25 See, for example, Bauer, , Poole, , and Dexter, , American Business and Public Policy, pp. 332–340; and Truman, David, The Governmental Process, pp. 156–187.
26 Bauer, , Poole, , and Dexter, , American Business and Public Policy, p. 266.
27 It has been proposed that firms sometimes do not maximize the attainment of some well-defined objective function, but rather “satisfice.” That is, they seek choices which satisfy at least minimum levels of aspiration with respect to a variety of objectives. For example, management may set a target rate of return on invested capital as its profit objective, and if that target is achieved, it turns to the satisfaction of other nonprofit objectives. See Simon, Herbert, “Theories of Decision Making in Economics and Behavioral Science,” American Economic Review, 49 (06, 1959), 253–283; Lanzillotti, Robert F., “Pricing Objectives in Large Companies,” American Economic Review, 48 (12, 1958), 921–940; Baumol, William, Business Behavior, Value and Growth, rev. ed. (New York: Harcourt, Brace and World, Inc., 1967); Williamson, Oliver, The Economics of Discretionary Behavior: Managerial Objectives in a Theory of the Firm (Englewood Cliffs, N J.: Prentice-Hall, Inc., 1964).
28 The introduction of a control for profit rate will also probably change the expected direction of the relationship between market concentration and political influence. This is so because the positive political impact attributed to concentration was based largely on the expected higher profits of concentrated industries. With this factor controlled for, the visibility and “wear out your welcome” problems may dominate the relationship. Under these circumstances, we should expect an inverse relationship between market concentration and political influence.
29 Cherington, Paul W. and Gillen, Ralph L., The Business Representative in Washington (Washington, D.C.: The Brookings Institution, 1962), p. 55.
30 Senator Phillip Hart (D-Michigan), Speech to the Lawyers Club in Ann Arbor, Michigan, April 8, 1968, cited in Green, Mark J., The Closed Enterprise System, p. 19. Senator Fred Harris concurs, noting in a recent article that: “A company with plants in ten congressional districts can expect more congressional champions than a company with plants in only five districts.” Harris, Fred, “The Politics of Corporate Power,” p. 39.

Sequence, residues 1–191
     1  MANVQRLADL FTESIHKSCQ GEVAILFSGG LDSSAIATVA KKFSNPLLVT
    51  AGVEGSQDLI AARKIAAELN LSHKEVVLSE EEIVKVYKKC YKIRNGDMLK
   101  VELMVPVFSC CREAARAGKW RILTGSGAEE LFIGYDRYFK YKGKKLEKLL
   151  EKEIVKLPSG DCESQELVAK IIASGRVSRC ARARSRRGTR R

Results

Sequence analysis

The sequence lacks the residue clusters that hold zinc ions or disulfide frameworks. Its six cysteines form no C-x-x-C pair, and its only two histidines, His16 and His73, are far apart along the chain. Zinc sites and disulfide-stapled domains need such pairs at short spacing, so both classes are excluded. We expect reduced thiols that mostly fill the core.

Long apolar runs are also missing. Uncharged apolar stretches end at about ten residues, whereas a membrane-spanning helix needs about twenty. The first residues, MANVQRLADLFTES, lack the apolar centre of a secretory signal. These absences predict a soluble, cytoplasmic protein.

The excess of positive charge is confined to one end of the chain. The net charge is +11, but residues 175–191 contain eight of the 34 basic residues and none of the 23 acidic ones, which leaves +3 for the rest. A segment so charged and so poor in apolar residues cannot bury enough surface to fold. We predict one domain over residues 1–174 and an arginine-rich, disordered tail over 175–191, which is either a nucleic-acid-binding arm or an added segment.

31 The IRS classifies all economic activity into “major industry” groups. Within each group are further subdivisions, called “minor industries.” Firms are classified into “minor industries” on the basis of their predominant product. Of the 129 “minor industries” in mining and manufacturing identified by the IRS, fifteen are “not allocable” categories in the major industry groups. The firms in these categories usually do not provide sufficient information to permit the IRS to classify them into a substantive minor industry classification. In general, these industries are small relative to the other “minor industries” in the sample, and the firms in these industries are not likely to have homogeneous political interests. In addition, four other industries were omitted for various reasons that prohibited calculation of their effective average corporation income tax rates, one of the major dependent variables used in the tests below. Accordingly, the correlations reported here relate to 110 of the 129 minor industries identified.
32 See footnote 7 above.